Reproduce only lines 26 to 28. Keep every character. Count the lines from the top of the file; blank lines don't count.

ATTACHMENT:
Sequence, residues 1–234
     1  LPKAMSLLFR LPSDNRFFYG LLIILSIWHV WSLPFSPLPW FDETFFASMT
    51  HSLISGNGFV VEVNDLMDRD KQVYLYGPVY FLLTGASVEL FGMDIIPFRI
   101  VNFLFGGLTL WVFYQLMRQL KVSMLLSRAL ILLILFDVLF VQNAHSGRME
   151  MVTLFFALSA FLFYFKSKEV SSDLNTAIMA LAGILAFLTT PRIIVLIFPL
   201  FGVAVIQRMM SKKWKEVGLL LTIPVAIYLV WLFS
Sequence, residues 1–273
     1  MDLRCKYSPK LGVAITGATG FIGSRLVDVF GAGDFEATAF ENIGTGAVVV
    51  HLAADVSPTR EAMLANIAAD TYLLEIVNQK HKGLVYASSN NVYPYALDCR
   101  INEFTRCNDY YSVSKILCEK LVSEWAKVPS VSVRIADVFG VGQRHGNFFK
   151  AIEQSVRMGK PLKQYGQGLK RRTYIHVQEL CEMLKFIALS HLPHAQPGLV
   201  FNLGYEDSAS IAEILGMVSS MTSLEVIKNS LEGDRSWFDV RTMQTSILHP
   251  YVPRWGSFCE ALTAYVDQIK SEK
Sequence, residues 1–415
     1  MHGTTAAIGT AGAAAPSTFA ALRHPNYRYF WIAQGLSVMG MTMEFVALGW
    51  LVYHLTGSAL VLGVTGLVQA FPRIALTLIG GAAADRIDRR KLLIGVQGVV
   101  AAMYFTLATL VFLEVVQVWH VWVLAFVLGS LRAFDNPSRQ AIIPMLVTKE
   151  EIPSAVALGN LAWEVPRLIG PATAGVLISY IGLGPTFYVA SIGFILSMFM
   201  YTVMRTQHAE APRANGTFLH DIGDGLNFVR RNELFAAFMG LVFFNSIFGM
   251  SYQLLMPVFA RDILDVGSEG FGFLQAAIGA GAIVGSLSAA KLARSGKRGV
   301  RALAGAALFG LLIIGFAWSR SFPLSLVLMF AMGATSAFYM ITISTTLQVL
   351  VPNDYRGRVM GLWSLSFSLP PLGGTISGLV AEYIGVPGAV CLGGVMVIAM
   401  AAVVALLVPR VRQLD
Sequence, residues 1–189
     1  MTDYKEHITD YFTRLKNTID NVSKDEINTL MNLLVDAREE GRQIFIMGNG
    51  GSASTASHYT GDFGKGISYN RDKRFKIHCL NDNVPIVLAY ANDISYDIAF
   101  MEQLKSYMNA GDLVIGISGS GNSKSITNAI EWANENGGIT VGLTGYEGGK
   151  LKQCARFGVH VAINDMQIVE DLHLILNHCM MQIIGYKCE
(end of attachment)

    51  GSASTASHYT GDFGKGISYN RDKRFKIHCL NDNVPIVLAY ANDISYDIAF
   101  MEQLKSYMNA GDLVIGISGS GNSKSITNAI EWANENGGIT VGLTGYEGGK
   151  LKQCARFGVH VAINDMQIVE DLHLILNHCM MQIIGYKCE